Is Your Home Winter Ready? - pt. 2

In part 1, we discussed the problems that may lead to ice dams. In this part we discuss a different physical source of loss; but first let's look at an important legal responsibility created by the winter season. Creating A Clear Liability

Snow doesn't show favoritism. Instead of conveniently falling onto unused areas, it covers homes, sidewalks, driveways, roadways and everything else. As a responsible homeowner you need to arrange to make the travel ways on your property safe. This calls for clearing your walkways of snow and ice. It is also important to clear your property of items such as rakes, shovels, tools, toys and similar items. Remember that it takes only a small amount of snow to hide items that, during clear conditions, are easily seen and avoided. So make sure that you move such property and make repairs to uneven or cracked pavement. Keep in mind that clearing walkways (including stairs) is an invitation for pedestrians to use the path. So, once you clear an area, make sure that you keep it clear, especially from ice. Also, don't create piles of snow that can obscure either a driver's or a pedestrian's view. Finally, be sure that your property is safe for children who are enjoying winter. Don't allow children to slide around without being aware of pedestrians or motorized traffic and don't let anyone throw snow or iceballs at cars.

Don't forget the inside of your home. Visitors should be kept safe from harm by making sure you keep insides stairs and floors clear of slippery water. Keep things dry and consider providing mats that provide good traction and an area where folks can clear snow and ice from their shoes or boots. Firing Up A Hearty Loss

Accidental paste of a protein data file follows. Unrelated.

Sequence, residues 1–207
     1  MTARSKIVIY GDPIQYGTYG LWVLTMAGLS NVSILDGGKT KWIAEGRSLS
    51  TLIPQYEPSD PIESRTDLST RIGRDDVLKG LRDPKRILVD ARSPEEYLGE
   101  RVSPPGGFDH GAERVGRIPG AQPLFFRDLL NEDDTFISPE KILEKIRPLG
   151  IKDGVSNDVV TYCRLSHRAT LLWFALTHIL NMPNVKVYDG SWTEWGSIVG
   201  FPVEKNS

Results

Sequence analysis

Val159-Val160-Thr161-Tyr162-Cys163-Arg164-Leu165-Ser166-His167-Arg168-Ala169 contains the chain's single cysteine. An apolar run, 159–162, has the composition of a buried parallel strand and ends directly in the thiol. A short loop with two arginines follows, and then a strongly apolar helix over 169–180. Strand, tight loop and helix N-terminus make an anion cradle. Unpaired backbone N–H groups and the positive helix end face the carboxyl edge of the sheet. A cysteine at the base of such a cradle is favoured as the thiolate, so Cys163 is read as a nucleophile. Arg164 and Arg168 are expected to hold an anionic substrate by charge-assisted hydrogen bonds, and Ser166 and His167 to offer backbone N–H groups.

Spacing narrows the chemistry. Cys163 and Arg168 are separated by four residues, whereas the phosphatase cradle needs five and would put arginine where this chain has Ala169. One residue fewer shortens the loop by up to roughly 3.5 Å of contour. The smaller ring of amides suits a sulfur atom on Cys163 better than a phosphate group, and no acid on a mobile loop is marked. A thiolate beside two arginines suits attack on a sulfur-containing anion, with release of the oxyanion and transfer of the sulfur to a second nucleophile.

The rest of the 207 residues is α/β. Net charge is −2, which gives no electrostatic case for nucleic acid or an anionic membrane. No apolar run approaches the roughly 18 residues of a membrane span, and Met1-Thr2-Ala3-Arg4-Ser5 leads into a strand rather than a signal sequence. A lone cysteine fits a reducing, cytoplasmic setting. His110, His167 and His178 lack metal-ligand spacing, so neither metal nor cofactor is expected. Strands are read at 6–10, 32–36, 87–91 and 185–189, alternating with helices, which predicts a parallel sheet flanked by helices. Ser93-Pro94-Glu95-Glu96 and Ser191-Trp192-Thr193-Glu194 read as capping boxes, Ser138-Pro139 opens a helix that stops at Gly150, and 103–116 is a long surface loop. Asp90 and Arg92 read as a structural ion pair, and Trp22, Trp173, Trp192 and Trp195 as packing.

Do you own a fireplace, woodburning stove or portable heater? What about a gas or electric furnace? If so, you need to take steps to make sure that they are safe and used properly.

Have your furnace inspected to make sure that it will operate properly in cold weather. Clean filters and vents will go a long way to keep your furnace a source or warmth rather than a cause of a fire loss. An inspection should also make certain that your furnace is not a source for dangerous carbon monoxide buildup.

Fireplaces and woodstoves should also be inspected and, if necessary, thoroughly cleaned. A byproduct of burning wood, creosote, builds up in chimney and stove flues very quickly. Even a single wood-burning season could produce enough buildup to create a fire or severe smoke hazard. Don't do the inspection yourself. It's worth the cost to have a professional inspect and clean your fireplace or stove. Also, make sure that you don't burn soft wood or paper. Using anything other than hard woods exposes your fireplace or stove to quicker creosote buildup (soft wood) or more intense heat (paper) which could clog or contribute to cracking a flue or liner.

Be very careful with the use of portable heaters. Depending upon the type, they can be prone to malfunction or could be a hazardous source of burns, especially for children. Further, many types can be easily tipped with the combination of heat source and fuels, creating a serious fire hazard.

Finally, make sure you have fire/smoke and carbon monoxide detectors properly installed and in good working order. Test them and put in new batteries. Small expense; big payoff.

As always, an insurance professional is a valuable source of safety and insurance information. Don't hesitate to contact an agent to discuss your questions. If you haven't had the chance, please be sure to read part 1 of "Is Your Home Winter Ready" which discusses ice dams.

COPYRIGHT: Insurance Publishing Plus, Inc. 1999

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